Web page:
Dismiss Notice
Join Physics Forums Today!
The friendliest, high quality science and math community on the planet! Everyone who loves science is here!

Batterr and the basics of charge flow

HOW DO YOU FIND THIS

Poll closed Jun 9, 2005.
  1. GOOD

    0 vote(s)
    0.0%
  2. BAD

    0 vote(s)
    0.0%
  3. ASS -- SCRATCHING

    0 vote(s)
    0.0%
  4. **** EATING

    0 vote(s)
    0.0%
  1. Jun 6, 2005 #1
    dear ppl,

    i have a basic conceptual doubt about the flow of charge in batteries and the difference between e.m.f and the potential difference.
    if you visit the site

    http://www.glenbrook.k12.il.us/gbssci/phys/Class/circuits/u9l1a.html

    everyhting goes well till the third page where the following paragraph:

    It is often convenient to speak of an electric circuit such as the simple circuit discussed here as having two parts - an internal circuit and an external circuit. The internal circuit is the part of the circuit where energy is being supplied to the charge. For the simple battery-powered circuit which we have been referring to, the portion of the circuit containing battery is the internal circuit. The external circuit is the part of the circuit where charge is moving outside the battery through the wires on its path from the high potential terminal to the low potential terminal. The movement of charge through the internal circuit requires energy since it is an uphill movement in a direction that is against the electric field. The movement of charge through the external circuit is natural since it is a movement in the direction of the electric field. When at the positive terminal of the battery, a positive test charge is at a high electric pressure in the same manner that water at a water park is at a high water pressure after being pumped to the top of a water slide. Being under high electric pressure, a positive test charge spontaneously and naturally moves through the external circuit to the low pressure, low potential location.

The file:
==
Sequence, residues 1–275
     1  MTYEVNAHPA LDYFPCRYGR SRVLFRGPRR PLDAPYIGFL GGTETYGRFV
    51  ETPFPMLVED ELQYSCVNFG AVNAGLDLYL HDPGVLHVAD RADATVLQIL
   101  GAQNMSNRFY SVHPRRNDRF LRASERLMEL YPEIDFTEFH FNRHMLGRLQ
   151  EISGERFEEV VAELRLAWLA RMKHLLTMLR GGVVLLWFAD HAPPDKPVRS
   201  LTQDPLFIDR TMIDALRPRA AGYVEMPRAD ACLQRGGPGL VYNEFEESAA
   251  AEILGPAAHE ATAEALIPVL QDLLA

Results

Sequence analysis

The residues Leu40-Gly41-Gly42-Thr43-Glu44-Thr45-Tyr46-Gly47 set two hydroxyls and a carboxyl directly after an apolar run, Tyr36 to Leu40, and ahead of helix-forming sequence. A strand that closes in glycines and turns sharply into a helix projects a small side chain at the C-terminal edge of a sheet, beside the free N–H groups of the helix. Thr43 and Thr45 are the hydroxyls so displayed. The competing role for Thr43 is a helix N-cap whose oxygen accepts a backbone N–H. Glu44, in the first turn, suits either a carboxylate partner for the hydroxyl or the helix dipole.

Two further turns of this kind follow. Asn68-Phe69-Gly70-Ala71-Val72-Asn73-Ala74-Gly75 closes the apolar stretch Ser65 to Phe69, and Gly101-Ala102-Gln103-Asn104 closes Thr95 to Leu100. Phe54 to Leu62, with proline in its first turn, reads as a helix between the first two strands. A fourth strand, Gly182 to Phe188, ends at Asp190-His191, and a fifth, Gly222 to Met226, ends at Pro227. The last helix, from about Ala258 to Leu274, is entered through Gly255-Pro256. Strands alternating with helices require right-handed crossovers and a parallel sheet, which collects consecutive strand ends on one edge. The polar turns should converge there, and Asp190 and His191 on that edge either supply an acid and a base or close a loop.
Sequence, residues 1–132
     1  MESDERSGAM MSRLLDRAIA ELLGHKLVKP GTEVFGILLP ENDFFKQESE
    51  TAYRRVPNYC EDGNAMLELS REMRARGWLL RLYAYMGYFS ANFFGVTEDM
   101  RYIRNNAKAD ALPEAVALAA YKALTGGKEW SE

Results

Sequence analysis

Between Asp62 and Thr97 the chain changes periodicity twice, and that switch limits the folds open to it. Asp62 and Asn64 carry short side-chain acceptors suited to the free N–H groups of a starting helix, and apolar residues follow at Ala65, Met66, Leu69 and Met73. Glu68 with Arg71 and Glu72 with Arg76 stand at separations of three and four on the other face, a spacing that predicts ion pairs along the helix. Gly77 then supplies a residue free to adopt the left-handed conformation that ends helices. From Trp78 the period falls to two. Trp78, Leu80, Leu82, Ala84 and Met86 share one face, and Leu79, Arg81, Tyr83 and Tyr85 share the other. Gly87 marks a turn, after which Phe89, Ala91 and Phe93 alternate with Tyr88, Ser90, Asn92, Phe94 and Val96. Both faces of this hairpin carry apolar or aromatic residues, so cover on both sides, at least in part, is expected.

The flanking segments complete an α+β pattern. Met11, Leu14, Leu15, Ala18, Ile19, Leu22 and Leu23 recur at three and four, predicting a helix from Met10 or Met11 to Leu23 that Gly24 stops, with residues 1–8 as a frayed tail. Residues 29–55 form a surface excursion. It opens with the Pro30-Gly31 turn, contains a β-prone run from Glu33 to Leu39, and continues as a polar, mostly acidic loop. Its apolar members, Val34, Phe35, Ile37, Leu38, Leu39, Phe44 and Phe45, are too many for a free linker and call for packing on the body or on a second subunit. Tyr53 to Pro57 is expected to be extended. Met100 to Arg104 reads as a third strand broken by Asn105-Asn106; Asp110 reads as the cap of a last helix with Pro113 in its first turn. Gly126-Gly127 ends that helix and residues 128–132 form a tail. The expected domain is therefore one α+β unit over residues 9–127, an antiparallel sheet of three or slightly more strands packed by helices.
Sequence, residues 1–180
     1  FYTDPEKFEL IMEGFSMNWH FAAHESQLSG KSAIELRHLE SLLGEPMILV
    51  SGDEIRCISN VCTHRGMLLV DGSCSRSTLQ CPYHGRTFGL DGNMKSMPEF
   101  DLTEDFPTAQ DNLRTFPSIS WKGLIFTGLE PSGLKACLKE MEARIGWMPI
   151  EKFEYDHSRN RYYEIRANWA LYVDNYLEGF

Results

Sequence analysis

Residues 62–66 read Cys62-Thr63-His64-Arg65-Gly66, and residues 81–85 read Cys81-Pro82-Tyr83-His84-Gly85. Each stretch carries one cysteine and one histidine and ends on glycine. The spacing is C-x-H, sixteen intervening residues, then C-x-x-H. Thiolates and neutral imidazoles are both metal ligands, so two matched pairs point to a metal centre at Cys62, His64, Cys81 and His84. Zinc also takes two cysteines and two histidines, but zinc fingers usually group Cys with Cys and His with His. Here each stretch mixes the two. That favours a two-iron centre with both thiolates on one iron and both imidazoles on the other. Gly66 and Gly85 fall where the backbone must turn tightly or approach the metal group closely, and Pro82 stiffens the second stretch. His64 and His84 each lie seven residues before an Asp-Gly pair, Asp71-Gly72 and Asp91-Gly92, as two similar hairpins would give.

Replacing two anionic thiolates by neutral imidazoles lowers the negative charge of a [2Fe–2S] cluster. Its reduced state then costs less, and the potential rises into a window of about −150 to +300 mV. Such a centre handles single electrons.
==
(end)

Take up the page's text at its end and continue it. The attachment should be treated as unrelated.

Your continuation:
As a positive test charge moves through the external circuit, it encounters a variety of types of circuit elements. Each circuit element serves as an energy-transforming device. Light bulbs, motors, and heating elements (such as in toasters and hair dryers) are examples of energy-transforming devices. In each of these devices, the electrical potential energy of the charge is transformed into other useful (and non-useful) forms. For instance, in a light bulb, the electric potential energy of the charge is transformed into light energy ( a useful form) and thermal energy (a non-useful form). The moving charge is doing work upon the light bulb to produce two different forms of energy. By doing so, the moving charge is losing its electric potential energy. Upon leaving the circuit element, the charge is less energized. The location just prior to entering the light bulb (or any circuit element) is a high electric potential location; and the location just after leaving the light bulb (or any circuit element) is a low electric potential location. Referring to the diagram above, locations A and B are high potential locations and locations C and D are low potential locations. The loss in electric potential while passing through a circuit element is often referred to as a voltage drop. By the time that the positive test charge has returned to the negative terminal, it is at 0 volts and is ready to be reenergized and pumped back up to the high voltage, positive terminal.

    makes absolutely no sense,, :confused: :confused: :confused:

    since it is in complete contradiction with what has been explained in the earlier two pages and even this page till this point.

    so could someone tell me how actually :bugeye: EVERYTHIG IS HAPPENEIN" INCLUDING INTERNAL ,, EXTERNAL CIRCUITS,, ELECTRIC FIELDS ,, ELECTROSTATIC FORCE,, NON-ELECTROSTATIC FORCE,, E.M.F AND POTENTIAL DIFFERENCE ,, AND FINNALY WHERE WHICH CHARGE FLOWS??? :yuck: :yuck: :yuck: :confused: :confused:

    THANKS AND BYE
     
  2. jcsd
Know someone interested in this topic? Share this thread via Reddit, Google+, Twitter, or Facebook

Can you help with the solution or looking for help too?
Draft saved Draft deleted



Similar Discussions: Batterr and the basics of charge flow
  1. Capacitor charge flow (Replies: 26)

Loading...